Lisa Weagle in action at the Princess Auto Elite 10, Sept. 2018, in Chatham-Kent, Ont. (Anil Mungal)

Weagle: GSOC brings women’s game to new level

October 23, 2018, 4:00 PM

Most curlers know how the Pinty’s Grand Slam of Curling was formed. The story of the 18 men’s teams who boycotted the Brier to lead to the creation of the Grand Slam has been well documented. But what about the women’s side?

The path for women in the Pinty’s Grand Slam of Curling took longer. While the Grand Slam for men was instituted in the 2001-02 season, it wasn’t until 2006 that the Grand Slam included women’s events. Some of the existing club bonspiels on the ladies’ tour were considered Grand Slams, including long-standing spiels in Winnipeg, Saskatoon and Calgary, but they weren’t actually operated by the series. Women joined the Players’ Championship in 2006, the first arena Grand Slam event with the men.

I competed in my first Players’ Championship in 2011, which was at the end of my first season with Team Homan. I will admit it, I was awestruck at first being on the ice beside legends of the game. Our team played well and it was a confidence boost to be there, and it pushed me to improve my game. Early experiences in the Grand Slams have helped me and countless other players develop as athletes and have raised the calibre of curling in Canada and around the world.

The sport moved forward for women in 2012 when Sportsnet acquired the Grand Slams. The Masters was added to the women’s schedule that year, a second Grand Slam in an arena. My teammates and I captured that inaugural women’s title, and looking back now, it’s special to be part of the history of this growth era of the sport. A women’s division was added to the Canadian Open in 2014 and to the Tour Challenge and the National in 2015. A new event, the Champions’ Cup, was created in 2016 with both men’s and women’s sides.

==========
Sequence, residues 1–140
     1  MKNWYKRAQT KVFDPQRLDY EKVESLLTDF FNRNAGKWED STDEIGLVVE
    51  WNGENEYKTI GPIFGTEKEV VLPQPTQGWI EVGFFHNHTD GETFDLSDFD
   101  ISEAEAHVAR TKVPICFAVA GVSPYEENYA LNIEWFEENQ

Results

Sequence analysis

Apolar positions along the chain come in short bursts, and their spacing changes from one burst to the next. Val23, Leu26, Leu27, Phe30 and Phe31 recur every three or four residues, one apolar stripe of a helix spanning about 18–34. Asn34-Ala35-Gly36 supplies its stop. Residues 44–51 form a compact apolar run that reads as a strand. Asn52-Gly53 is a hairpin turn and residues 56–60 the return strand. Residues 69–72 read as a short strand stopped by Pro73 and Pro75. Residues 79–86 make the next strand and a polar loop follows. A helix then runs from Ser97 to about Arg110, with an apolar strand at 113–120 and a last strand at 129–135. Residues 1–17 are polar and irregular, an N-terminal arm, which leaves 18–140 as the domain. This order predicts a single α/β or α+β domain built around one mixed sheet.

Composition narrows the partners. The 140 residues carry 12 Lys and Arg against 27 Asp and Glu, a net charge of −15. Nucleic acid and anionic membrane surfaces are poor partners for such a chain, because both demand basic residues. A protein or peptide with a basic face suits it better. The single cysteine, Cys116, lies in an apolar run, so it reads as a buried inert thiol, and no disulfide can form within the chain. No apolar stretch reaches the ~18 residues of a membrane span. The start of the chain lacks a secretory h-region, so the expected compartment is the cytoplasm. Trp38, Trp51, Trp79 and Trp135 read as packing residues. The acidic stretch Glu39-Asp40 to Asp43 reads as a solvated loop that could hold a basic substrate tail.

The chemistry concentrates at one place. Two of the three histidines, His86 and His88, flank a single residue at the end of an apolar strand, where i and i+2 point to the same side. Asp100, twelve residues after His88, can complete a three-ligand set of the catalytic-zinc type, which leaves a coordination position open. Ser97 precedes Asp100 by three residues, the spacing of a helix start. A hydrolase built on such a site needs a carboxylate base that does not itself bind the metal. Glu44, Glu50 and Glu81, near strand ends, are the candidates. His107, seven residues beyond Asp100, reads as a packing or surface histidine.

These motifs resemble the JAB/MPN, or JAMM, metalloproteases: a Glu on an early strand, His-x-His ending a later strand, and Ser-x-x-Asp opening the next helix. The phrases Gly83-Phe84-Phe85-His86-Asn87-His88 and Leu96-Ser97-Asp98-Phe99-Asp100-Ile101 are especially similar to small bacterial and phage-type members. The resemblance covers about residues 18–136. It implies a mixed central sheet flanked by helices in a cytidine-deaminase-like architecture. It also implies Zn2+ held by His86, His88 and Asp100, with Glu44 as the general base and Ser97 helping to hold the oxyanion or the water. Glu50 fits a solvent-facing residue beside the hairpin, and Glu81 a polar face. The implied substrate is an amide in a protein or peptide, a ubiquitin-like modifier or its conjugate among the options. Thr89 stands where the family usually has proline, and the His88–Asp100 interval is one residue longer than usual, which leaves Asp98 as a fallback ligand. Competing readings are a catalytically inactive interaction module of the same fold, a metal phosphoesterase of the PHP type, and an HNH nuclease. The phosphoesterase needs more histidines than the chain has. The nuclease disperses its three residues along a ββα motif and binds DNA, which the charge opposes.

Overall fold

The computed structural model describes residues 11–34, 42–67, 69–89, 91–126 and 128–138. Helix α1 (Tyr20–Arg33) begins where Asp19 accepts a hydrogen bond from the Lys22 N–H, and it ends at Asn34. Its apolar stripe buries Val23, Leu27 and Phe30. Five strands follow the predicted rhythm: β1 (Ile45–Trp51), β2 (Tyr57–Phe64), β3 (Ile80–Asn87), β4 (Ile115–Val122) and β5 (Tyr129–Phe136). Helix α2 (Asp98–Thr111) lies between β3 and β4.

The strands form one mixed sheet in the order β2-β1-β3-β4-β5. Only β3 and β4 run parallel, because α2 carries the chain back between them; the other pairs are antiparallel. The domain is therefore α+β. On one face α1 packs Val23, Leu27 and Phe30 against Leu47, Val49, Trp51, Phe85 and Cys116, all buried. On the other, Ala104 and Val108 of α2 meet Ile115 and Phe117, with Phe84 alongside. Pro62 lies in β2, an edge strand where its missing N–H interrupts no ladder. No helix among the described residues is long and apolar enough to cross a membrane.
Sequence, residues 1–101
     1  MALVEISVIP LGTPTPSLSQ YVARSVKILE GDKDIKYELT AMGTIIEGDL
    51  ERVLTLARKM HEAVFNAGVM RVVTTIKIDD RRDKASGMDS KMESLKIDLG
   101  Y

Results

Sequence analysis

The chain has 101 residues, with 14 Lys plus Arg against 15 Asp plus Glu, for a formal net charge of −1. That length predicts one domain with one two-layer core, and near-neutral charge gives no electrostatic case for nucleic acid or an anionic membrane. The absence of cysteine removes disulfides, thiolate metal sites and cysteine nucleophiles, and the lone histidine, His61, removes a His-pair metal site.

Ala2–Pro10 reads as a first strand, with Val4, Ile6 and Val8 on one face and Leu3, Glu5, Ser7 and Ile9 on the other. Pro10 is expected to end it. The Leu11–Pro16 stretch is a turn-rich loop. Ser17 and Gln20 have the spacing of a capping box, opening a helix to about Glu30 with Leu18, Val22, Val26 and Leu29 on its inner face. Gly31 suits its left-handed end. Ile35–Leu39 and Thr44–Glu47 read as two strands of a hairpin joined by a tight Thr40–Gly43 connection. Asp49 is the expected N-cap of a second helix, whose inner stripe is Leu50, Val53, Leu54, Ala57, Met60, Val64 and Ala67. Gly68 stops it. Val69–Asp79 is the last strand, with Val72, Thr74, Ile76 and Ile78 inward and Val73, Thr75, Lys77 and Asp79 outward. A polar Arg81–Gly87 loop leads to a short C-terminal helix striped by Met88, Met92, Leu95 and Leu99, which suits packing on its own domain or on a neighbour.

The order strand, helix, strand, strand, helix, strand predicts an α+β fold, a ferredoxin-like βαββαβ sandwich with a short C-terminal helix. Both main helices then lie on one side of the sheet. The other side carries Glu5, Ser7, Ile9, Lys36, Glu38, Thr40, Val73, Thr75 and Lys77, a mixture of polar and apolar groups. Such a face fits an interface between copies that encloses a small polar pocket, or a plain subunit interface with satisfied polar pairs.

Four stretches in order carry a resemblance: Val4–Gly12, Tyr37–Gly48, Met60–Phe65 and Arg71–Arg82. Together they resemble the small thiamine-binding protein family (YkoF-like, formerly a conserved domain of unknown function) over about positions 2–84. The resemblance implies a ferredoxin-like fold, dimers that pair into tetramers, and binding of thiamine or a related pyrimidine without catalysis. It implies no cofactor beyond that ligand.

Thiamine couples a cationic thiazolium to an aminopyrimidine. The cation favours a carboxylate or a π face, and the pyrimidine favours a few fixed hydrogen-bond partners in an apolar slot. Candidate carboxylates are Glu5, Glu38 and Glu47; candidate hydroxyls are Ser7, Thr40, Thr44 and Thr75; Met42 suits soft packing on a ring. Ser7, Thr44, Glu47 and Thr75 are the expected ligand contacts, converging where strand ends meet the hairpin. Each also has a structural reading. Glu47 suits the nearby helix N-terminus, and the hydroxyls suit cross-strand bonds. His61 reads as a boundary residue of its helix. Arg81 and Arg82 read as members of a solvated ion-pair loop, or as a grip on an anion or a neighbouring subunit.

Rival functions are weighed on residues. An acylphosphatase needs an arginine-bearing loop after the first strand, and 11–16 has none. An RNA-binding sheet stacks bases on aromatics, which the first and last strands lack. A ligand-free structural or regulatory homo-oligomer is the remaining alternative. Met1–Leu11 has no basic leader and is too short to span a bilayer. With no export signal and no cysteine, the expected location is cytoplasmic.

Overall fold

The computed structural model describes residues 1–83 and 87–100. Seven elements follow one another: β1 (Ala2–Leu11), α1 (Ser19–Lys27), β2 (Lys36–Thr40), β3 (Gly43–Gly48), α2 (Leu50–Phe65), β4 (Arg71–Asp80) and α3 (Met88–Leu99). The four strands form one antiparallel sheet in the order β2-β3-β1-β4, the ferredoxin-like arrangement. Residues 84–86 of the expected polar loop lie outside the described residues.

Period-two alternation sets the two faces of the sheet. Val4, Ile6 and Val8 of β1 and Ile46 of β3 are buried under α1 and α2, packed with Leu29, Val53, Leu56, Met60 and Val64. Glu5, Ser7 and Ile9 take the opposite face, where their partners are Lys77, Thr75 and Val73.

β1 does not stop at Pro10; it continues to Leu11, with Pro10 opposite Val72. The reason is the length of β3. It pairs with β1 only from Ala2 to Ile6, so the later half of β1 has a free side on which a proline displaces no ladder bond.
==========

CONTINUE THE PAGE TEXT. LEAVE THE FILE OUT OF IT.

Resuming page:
In 2016, Team Homan was invited to play in the Elite 10, which was a men’s-only event at the time. There was some hype around our participation, but we didn’t pay much attention. We were grateful for another opportunity to compete and learn, and we prepared for it like we would any event. It hit me when we were out on the ice and I saw young girls in the stands, holding signs and cheering us on, that our participation might have meant something more.

A lot of people thought this was an opportunity to compare: Are women as good as men at curling? But to me, that wasn’t the point. While it was great to play in the Elite 10, we didn’t set out to prove anything. We know from television numbers and ticket sales that fans support women’s and men’s curling. We both provide high quality, entertaining curling that people love to watch. If anything, I hope it helped more people see the women’s field is strong and merits its own equal place on tour.

This season, a women’s division was added to the Elite 10, and now in 2018 we are at the point where women and men have an equal number of Grand Slam events, with equal prize money, and equal television time. Let that sink in for a second. Look around professional and amateur sport, and think about how many sports where this is the case. I’d say in few sports, if any.

Our sport would not have gotten to this point without a number of people who had a vision and made it happen. We are grateful to Sportsnet for growing and professionalizing our sport, and creating opportunities for women that didn’t exist. As well, to the sponsors who see value in supporting and expanding the Pinty’s Grand Slam of Curling. And of course, the women who came before us and fought for the growth of our sport.

A few weeks ago we ran our third annual Team Homan Junior Curling Camp, which is one way we like to give back and connect with the next generation of curlers. So many young curlers, like our campers, dream of competing on tour in the Grand Slams. It makes me happy to know when they get the chance, they will have equal opportunities, regardless of their gender.

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